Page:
U.S. car buyers now have access to real-world fuel economy and emissions data on new vehicles, courtesy of a research group that helped reveal that Volkswagen was evading European emissions regulations in addition to cheating on U.S. tests.
Among the results, according to Nick Molden, founder and CEO of Emissions Analytics:
• Some brands — Ford, Fiat, Porsche and Mini — routinely score as much as 10% better in real-world driving than the window-sticker fuel-economy ratings generated in lab tests.
When the owner of an automated Tesla was killed in a crash last year, the carmaker’s founder, Elon Musk, urged journalists to peer into the future.
“If, in writing some article that’s negative, you effectively dissuade people from using an autonomous vehicle,” Mr. Musk said, “you’re killing people.”
Scary. But self-driving vehicle proponents like Mr. Musk envision a world where those cars would all but eliminate traffic accidents, unleash our productivity and allow the old and disabled to travel freely.
By Mike Cieri
Even the best managers will make errors in judgment when managing a staff of people, each with unique personalities, capabilities and needs, and it’s likely that we can all reflect on where we might have handled something with more skill.
Want to brush up on or test your own management skills? Here's a handy list of ten common mistakes that leaders make in the course of managing talent.
1. Not providing Feedback
Not letting people know how they are doing is like sending someone out on a hike without a compass and map. When you don’t provide feedback you are denying your associates the opportunity to improve.
Fina takes the reins for regional business development from recently promoted Gerry Tellier.
LeasePlan USA recently named Anthony Fina as the new vice president of business development in the Northeast region. Fina takes the place of longtime LeasePlan sales veteran, Gerry Tellier, who was promoted to senior vice president of business development – east.
“Gerry has been successful in his territory over the years, rising to the top as a true leader,” said Ricardo Fonzaghi, chief commercial officer at LeasePlan USA. “I’m proud to have him on our leadership team sharing his knowledge to further support our growth trajectory.”
A new study conducted by Liberty Mutual Insurance and SADD (Students Against Destructive Decisions), reveals that a third of all teens surveyed (33 percent) perceive it to be legal to drive under the influence of marijuana in states where it’s been legalized for recreational use.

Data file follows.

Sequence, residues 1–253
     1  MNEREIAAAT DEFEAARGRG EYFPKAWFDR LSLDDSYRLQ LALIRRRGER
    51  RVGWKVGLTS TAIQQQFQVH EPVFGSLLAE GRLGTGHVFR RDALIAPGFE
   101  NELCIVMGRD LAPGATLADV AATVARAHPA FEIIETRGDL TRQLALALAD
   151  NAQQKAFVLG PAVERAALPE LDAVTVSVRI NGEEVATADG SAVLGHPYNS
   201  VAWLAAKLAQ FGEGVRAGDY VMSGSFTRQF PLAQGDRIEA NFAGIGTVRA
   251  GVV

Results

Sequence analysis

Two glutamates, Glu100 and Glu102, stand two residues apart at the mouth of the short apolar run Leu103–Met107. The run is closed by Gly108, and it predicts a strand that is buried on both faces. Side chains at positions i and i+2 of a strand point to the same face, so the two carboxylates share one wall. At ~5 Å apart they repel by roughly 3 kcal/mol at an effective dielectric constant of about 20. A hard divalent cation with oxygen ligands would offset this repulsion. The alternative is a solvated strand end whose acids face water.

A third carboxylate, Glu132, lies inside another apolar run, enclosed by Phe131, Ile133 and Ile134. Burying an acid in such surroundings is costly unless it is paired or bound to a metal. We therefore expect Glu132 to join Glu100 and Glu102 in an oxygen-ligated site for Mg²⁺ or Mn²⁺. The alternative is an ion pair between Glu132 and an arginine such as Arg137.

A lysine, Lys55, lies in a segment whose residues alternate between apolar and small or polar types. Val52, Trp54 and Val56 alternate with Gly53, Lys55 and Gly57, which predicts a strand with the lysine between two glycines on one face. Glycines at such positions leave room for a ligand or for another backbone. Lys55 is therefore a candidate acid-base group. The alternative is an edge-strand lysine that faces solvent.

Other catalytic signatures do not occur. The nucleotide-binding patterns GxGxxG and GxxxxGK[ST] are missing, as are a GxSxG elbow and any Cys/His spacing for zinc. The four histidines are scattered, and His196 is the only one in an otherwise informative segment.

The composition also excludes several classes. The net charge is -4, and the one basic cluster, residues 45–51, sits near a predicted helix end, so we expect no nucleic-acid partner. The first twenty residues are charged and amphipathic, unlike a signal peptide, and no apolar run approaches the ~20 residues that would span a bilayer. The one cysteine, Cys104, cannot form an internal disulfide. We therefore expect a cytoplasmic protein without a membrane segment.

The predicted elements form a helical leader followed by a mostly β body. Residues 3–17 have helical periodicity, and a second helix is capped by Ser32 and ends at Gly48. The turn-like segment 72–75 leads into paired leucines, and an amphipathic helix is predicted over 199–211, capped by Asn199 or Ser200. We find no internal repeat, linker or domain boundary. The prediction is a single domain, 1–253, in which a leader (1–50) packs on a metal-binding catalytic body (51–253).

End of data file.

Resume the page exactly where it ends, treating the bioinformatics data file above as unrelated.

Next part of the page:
Notably, 27 percent of parents surveyed believe it to be legal as well.
While the survey found that 93 percent of parents think driving under the influence of alcohol is dangerous, only 76 percent feel that driving under the influence of marijuana is dangerous.
Folding my hands in my lap, I sat behind the wheel of Cadillac’s flagship CT6 sedan and merrily chatted with President Johan de Nysschen, who stretched out in the passenger seat, as the car steered itself down Interstate-10 for the six-hour drive from Phoenix to Los Angeles.
The CT6 was equipped with a $5,000 option that made the hands-free trip possible: Cadillac’s new Super Cruise driver assist system, the brand’s answer to the self-driving revolution.
Billed by Cadillac as the first true hands-free driving system for the highway, Super Cruise uses a system of cameras, radar, and sensors to steer itself on limited-access highways at speeds of up to 85 mph.
Wind is one of the cleanest energy sources available, and the US is sitting next to a gold mine.
A new study has found that wind speeds over the oceans could allow offshore turbines to generate far more energy than a land-based wind farm – with the North Atlantic, in particular, theoretically able to provide enough energy for all of human civilization.
In tapping into wind as an energy source, the US has for decades lagged behind Europe and UK, which are home to the largest offshore wind farms in the world, including the London Array and the Netherlands' Gemini wind farm.
The United States Postal Service has a long and proud history of delivery people weathering the elements to make sure you get your mail — and occasionally, you neighbor's bills and postcards, too.
The way they go about doing that will change dramatically in the coming years, as the USPS has formally declared its intention to assess how it can work self-driving vehicles into its operational strategy—and it’s even building a prototype along with the University of Michigan.
In a green paper published last week, the Office of the Inspector General (OIG) laid out a preliminary list of five specific areas in which it’s considering implementing self-driving vehicles as the technology matures.